Investment Manager’s Letter August 2003
John Bogle the founder of Vanguard, wrote an op-ed piece in the Wall Street Journal today. In it he is compares the results of mutual funds their investors, and the market in general “Investors seem largely unaware of the substantial gap by which stock, bond and money market funds lag the returns of the markets in which they invest. While the Standard and Poor’s 500 Stock Index has risen at a 12.2% average annual rate since 1984, for example, the average equity fund has grown at a 9.3% rate, only three-quarters of the stock market’s return.”
The reason of course is frictional costs. Expense ratios average 1.6% of equity fund assets, and he estimates turn-over costs add another 0.8%, add in sale charges an other expenses and total costs come very close to 2.9% that the average fund has under performed the market “But that is only part of the mutual-fund problem. Originally rooted in a focus on stewardship, the fund industry has gradually come to focus instead on salesmanship.” The emergence of sector funds and the relentless pursuit of performance have left the average equity fund investor with performance that does not even come close to the performance of the average fund.
“This bewildering array of choices among nearly 5,000 equity funds has ill served investors. The returns incurred by the average equity fund investor since 1984 have averaged just 2.7% per year, a shocking shortfall to the 9.3% return earned by the average fund“.
2.7% per year!
Bogle says that during the greatest bull market in history the average equity fund investor has received just 2.7% per year. In other words after taxes and inflation the average Joe that had his money in mutual funds for the last eighteen years is probably in the hole. This is indeed something to ponder. At first it does not seem possible, but mindless pursuit of performance gets the crowd to always buy last years winners and we all know how that turns out. Bogle is calling for reform of the industry, more disclosure, and independent directors, he probably feels deep in his heart, that everyone should just buy and hold index funds.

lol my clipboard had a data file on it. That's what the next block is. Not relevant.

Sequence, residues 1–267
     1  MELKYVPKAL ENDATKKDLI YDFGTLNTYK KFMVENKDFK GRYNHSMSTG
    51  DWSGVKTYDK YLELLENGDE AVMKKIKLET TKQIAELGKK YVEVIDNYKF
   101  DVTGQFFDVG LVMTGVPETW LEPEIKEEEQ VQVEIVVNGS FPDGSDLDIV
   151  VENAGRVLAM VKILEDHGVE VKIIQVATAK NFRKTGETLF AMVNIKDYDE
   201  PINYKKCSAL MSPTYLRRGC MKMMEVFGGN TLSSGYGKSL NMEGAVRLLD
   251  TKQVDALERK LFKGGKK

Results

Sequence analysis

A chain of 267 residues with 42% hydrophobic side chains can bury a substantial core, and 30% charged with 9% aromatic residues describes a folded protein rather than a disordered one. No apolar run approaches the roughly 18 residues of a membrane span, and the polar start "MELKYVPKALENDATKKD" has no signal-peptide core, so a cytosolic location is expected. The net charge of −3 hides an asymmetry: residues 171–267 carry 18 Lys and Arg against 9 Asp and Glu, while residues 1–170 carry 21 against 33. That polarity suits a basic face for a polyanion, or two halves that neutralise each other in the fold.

But as a investment manager Bogle’s his statistics made me think about opportunity, how much value a good manager can add, and why value investing works. Bogle says that investing is a zero sum game, and of course it is. Fees remove value from the game and means that in the long run there is always going to be more losers than winners. But with the crowd and huge sums chasing the best performing sectors and funds; and losing big by doing this. The process must leave some winners. It should be possible for the manager running small sums, who only buys with a margin of safety. To beat the index fund?
If you really concentrate on value you will never buy into the hot sectors because the price will always be too high. Value means looking for what is not hot. And if the performance chasers are losing 10% a year to the market, is too much to expect to pick up a few points on the overall market. In a zero sum, if there are lots of big losers there must be some winners. It is the oldest lesson, see what the masses are doing and do the opposite. Is this rocket science? Of course not, does it require discipline, patience and thinking outside of the box? Yes it does.
The irony is that these problems that are causing so much grief for mutual fund investors provide an opportunity to those that are willing to follow a different drummer. Is unrealistic to expect to beat the market? I, as investment manager, do not think so.